Russia would be ready to extend a deal with the United States to share flights to the International Space Station beyond 2024 if the first three flights are successful, the executive director of Russia's space agency said on Friday.
NASA and Russian space agency Roscosmos signed an agreement in July allowing Russian cosmonauts to fly on U.S.-made spacecraft in exchange for American astronauts being able to ride on Russia's Soyuz spacecraft.
Russia's RIA news agency reported at the time that the agreement envisaged six flights in total between 2022 and 2024, with each country getting three flights each on the other's spacecraft.
"The agreement has now been signed for the first three flights," said Sergei Krikalev, executive director of Roscosmos.
"If the implementation of this agreement will be positive then we will certainly continue it."
The deal is an unusual example of Moscow and Washington still cooperating at a time when ties are at a post-Cold War low due to tensions over what Russia calls its "special military operation" in Ukraine, a conflict the West calls an unprovoked war of aggression.
Russia has cast doubt over space cooperation in other areas and spoken of pulling out of the International Space Station after 2024 to develop its own orbital station. It has so far sent mixed messages however, suggesting that date could significantly slip.
The flight sharing agreement signed in July will see Russian cosmonaut Anna Kikina fly on a Crew Dragon spacecraft developed by U.S. aerospace manufacturer SpaceX in the autumn.
Ms. Kikina, who will be the first cosmonaut to fly on a Crew Dragon ship, told reporters on Friday she was initially shocked to learn she would not fly on Soyuz, Russia's flagship spacecraft that has been used since the 1960s.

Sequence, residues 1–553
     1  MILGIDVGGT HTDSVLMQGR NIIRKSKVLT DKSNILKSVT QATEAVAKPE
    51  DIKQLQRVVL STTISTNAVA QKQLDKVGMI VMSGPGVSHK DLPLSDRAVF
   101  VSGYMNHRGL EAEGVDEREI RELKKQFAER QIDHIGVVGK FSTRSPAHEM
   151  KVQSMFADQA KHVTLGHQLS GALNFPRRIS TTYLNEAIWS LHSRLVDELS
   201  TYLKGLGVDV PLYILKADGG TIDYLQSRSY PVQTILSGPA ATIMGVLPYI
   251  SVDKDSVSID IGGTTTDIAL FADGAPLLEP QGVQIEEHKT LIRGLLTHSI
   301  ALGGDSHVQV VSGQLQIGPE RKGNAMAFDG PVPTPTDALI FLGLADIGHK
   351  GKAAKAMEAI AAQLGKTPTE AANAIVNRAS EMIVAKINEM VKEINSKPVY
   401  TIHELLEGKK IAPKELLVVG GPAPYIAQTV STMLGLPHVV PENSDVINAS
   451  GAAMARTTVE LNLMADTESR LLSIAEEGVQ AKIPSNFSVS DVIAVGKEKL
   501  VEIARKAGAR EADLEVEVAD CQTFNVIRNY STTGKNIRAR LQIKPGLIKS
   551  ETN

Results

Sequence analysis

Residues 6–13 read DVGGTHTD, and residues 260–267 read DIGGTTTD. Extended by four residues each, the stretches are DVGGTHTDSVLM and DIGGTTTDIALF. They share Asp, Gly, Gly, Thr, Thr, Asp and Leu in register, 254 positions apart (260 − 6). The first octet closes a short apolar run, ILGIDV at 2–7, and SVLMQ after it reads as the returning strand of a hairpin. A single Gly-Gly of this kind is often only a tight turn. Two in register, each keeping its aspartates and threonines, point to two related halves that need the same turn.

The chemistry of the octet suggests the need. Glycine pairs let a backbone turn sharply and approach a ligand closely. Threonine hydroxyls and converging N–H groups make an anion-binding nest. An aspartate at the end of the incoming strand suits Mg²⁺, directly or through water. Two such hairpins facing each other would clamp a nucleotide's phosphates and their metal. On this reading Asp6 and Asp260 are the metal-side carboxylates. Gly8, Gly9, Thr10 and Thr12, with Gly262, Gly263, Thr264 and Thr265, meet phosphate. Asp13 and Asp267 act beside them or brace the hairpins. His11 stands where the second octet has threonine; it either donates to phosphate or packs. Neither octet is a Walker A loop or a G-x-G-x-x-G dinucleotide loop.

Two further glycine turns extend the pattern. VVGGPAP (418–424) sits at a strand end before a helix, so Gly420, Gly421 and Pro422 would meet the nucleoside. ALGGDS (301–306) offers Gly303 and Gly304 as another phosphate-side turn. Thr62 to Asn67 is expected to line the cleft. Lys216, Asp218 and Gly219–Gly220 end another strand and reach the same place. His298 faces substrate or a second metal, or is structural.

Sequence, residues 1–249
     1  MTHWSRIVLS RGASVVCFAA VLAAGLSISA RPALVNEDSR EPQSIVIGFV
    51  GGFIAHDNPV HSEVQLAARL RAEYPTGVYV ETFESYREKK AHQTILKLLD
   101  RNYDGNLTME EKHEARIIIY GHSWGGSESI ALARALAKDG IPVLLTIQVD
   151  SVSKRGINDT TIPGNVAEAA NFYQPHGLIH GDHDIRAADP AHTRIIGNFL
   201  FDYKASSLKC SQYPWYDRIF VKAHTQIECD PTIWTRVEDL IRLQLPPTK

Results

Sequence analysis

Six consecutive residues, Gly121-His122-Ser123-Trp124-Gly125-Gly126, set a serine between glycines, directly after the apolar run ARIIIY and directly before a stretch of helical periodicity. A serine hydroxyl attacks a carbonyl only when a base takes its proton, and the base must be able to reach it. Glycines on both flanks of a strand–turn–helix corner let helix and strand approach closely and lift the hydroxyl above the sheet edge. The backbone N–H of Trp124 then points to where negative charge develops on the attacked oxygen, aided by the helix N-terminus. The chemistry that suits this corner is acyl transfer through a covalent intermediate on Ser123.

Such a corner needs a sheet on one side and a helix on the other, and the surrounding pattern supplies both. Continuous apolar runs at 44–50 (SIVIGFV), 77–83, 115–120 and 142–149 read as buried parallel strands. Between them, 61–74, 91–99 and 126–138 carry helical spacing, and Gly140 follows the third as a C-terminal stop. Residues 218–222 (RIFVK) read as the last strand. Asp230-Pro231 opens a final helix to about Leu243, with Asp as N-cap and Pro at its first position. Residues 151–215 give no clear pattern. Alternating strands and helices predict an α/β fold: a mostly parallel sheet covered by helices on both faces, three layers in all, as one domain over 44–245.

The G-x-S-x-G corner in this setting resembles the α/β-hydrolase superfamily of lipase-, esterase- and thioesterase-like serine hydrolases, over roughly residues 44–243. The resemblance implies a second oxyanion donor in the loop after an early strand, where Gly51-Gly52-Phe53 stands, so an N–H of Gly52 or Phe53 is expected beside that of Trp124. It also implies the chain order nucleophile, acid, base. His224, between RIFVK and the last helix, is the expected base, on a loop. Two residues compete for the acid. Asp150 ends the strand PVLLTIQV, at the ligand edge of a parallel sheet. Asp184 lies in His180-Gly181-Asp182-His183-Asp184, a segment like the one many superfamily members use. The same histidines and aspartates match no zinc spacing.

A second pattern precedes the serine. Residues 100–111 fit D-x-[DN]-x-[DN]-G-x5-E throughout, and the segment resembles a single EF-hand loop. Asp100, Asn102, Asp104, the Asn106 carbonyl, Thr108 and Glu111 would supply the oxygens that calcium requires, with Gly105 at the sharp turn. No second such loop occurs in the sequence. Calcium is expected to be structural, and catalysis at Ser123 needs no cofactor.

"Well considering the fact that all my professional life I was preparing to fly on Soyuz, I was preparing for it, in principle, and was focusing on it... suddenly the thought settled in my head that - no - I'm not flying a Soyuz, how can that be?" Ms. Kikina said.
"But then I had a rethink. Yes I realised that I might be going on another ship, but with the knowledge that I would definitely go on Soyuz too."
She said she would be observing the U.S. tradition of driving to the launch pad in a Tesla produced by the carmaker headed by billionaire Elon Musk, who also founded SpaceX.
"Of course I will observe crew traditions, because I am part of this crew," she said.
Space exploration was one of the few areas where the Soviet Union and the United States cooperated during the Cold War, culminating in a symbolic "space handshake" between a cosmonaut and an astronaut during the Apollo–Soyuz mission in 1975.